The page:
He was born in 1876, and after studying at the Yorkshire College, Leeds, joined the staff of Messrs. Serpollet in 1897.

Subsequently he became engaged on design work for Messrs. Thornycroft of Basingstoke, and he was also for some years on the staff of the Commercial Motor.

In 1912 he commenced practice as a consulting engineer.

During the War, Mr. Watson held the post of consulting engineer to the Ministry of Munitions and chief of design (engines and transmission gear) to the Mechanical Warfare Department. His work in the latter capacity was chiefly concerned with the design of tanks. He went to France with each new design and studied the performance of the machines under working conditions.

In 1918 Mr. Watson was sent to the United States as the representative of the Carter Deputation of the British War Mission. Latterly he was one of the two civilian associate members of the sub-committee of the interdepartmental committee to co-ordinate the supply of mechanical transport to the three fighting services.

He was elected an Associate Member of the Institution in 1903 and was transferred to Membership in 1912. He was a Past-President of the Institution of Automobile Engineers.

His death occurred on 21st January 1932.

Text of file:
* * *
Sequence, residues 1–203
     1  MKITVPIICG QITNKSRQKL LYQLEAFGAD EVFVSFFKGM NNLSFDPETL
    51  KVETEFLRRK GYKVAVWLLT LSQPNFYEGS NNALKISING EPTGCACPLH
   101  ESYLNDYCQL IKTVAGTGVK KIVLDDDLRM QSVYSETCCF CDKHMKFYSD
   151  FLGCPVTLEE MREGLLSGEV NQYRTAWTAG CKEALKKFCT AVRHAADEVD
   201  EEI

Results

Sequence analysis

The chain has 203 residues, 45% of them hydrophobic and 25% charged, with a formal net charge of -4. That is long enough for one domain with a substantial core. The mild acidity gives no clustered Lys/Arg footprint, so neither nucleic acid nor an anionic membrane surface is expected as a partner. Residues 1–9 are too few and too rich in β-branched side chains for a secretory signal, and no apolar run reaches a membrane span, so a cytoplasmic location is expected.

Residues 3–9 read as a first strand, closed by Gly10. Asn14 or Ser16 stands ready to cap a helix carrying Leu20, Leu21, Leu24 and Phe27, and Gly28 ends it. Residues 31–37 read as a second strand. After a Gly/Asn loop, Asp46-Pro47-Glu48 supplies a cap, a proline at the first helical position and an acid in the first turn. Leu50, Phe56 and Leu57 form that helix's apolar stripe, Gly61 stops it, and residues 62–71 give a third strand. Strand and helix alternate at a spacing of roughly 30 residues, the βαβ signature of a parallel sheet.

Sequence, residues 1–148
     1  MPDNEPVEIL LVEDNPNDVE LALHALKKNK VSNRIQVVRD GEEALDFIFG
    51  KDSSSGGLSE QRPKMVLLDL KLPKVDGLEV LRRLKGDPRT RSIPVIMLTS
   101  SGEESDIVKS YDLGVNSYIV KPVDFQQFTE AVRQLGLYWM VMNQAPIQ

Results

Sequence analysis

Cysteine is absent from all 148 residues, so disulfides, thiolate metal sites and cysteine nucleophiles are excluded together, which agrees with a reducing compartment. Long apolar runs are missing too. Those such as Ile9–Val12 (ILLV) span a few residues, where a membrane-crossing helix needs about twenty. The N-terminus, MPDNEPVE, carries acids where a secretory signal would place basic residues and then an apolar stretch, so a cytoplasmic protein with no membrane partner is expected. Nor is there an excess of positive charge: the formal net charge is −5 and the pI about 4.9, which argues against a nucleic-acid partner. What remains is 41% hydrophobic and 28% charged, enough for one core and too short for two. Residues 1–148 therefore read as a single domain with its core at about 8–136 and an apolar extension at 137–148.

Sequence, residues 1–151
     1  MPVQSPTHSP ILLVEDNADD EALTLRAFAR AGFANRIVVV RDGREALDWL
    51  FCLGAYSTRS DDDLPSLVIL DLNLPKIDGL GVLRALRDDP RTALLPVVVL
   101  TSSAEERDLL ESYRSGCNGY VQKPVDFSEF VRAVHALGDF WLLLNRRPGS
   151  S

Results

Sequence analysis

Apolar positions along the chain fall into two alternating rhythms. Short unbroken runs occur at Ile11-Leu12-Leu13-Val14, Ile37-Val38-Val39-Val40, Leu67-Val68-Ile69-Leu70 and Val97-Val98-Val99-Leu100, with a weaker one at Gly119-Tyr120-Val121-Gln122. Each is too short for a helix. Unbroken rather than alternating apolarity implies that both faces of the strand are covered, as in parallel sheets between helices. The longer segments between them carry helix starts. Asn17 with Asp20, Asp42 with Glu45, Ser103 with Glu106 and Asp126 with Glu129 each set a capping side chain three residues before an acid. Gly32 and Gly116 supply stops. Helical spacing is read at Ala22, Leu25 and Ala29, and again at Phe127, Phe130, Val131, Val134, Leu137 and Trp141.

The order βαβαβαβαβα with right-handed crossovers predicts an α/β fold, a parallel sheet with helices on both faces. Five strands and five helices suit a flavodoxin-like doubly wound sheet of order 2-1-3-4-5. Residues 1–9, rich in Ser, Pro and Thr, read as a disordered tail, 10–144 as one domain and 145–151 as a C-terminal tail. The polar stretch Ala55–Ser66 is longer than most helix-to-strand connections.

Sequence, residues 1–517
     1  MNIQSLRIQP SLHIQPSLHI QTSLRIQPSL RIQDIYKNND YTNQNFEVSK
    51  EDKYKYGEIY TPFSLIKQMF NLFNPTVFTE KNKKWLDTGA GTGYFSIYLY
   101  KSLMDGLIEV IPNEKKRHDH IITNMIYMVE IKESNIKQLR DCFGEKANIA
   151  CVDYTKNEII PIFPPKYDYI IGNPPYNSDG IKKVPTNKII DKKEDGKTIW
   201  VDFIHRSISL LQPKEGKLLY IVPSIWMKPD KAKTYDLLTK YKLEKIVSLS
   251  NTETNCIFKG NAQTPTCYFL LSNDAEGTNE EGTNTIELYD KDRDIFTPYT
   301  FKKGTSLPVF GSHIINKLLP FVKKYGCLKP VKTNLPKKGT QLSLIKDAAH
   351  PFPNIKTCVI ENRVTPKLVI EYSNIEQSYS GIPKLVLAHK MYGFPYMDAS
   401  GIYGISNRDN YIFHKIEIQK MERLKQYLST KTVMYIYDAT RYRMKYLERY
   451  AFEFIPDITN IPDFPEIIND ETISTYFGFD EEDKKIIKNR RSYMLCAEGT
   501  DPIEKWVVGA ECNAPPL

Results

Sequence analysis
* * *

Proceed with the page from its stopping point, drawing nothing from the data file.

1931/32 Obituary [4]

George William Watson was born in 1876, and was educated at Yorkshire College, Leeds.

After serving his apprenticeship with Sir James Kitson, he joined the Serpollet Company, and was later appointed Designer at John I. Thornycroft and Co., Ltd.

He left the Company in 1907 to join the staff of Temple Press, Ltd., as Assistant Editor of "The Commercial Motor," and on relinquishing this position in 1912, commenced in business as a Consulting Engineer, subsequently rising to considerable eminence in his profession.

He was elected a Member of the Institution in 1907, and joined the Council in 1912, serving continuously thereon up to the time of his death, which occurred on 21st January, 2932, at the age of 56. He was Vice- President from 1918 to 1921, and President during the Session 1921-22. He was a member of practically all the Sub-Committees of the Council for many years, and did an enormous amount of most valuable work on behalf of the Institution.

1932 Obituary[5]